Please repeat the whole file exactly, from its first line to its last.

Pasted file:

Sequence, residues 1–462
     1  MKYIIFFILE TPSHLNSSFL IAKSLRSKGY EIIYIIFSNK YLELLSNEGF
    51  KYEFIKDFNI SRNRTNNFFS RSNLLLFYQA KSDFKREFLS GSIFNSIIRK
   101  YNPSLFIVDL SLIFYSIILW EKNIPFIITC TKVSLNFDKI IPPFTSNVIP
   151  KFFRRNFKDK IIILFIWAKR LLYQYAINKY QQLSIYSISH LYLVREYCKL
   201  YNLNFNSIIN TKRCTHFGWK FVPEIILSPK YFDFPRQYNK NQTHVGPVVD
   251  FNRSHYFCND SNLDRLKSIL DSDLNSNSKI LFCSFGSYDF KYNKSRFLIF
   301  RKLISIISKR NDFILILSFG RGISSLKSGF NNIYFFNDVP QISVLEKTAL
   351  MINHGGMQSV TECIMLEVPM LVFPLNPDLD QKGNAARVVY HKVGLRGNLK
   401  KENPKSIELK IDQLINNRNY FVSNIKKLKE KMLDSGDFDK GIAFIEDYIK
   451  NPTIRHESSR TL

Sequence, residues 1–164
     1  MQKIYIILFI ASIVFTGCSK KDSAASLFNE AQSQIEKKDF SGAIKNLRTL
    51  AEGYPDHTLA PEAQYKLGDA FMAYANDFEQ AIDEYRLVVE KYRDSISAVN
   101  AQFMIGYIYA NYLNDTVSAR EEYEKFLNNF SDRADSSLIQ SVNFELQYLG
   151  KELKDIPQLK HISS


Sequence, residues 1–462
     1  MKYIIFFILE TPSHLNSSFL IAKSLRSKGY EIIYIIFSNK YLELLSNEGF
    51  KYEFIKDFNI SRNRTNNFFS RSNLLLFYQA KSDFKREFLS GSIFNSIIRK
   101  YNPSLFIVDL SLIFYSIILW EKNIPFIITC TKVSLNFDKI IPPFTSNVIP
   151  KFFRRNFKDK IIILFIWAKR LLYQYAINKY QQLSIYSISH LYLVREYCKL
   201  YNLNFNSIIN TKRCTHFGWK FVPEIILSPK YFDFPRQYNK NQTHVGPVVD
   251  FNRSHYFCND SNLDRLKSIL DSDLNSNSKI LFCSFGSYDF KYNKSRFLIF
   301  RKLISIISKR NDFILILSFG RGISSLKSGF NNIYFFNDVP QISVLEKTAL
   351  MINHGGMQSV TECIMLEVPM LVFPLNPDLD QKGNAARVVY HKVGLRGNLK
   401  KENPKSIELK IDQLINNRNY FVSNIKKLKE KMLDSGDFDK GIAFIEDYIK
   451  NPTIRHESSR TL

Sequence, residues 1–164
     1  MQKIYIILFI ASIVFTGCSK KDSAASLFNE AQSQIEKKDF SGAIKNLRTL
    51  AEGYPDHTLA PEAQYKLGDA FMAYANDFEQ AIDEYRLVVE KYRDSISAVN
   101  AQFMIGYIYA NYLNDTVSAR EEYEKFLNNF SDRADSSLIQ SVNFELQYLG
   151  KELKDIPQLK HISS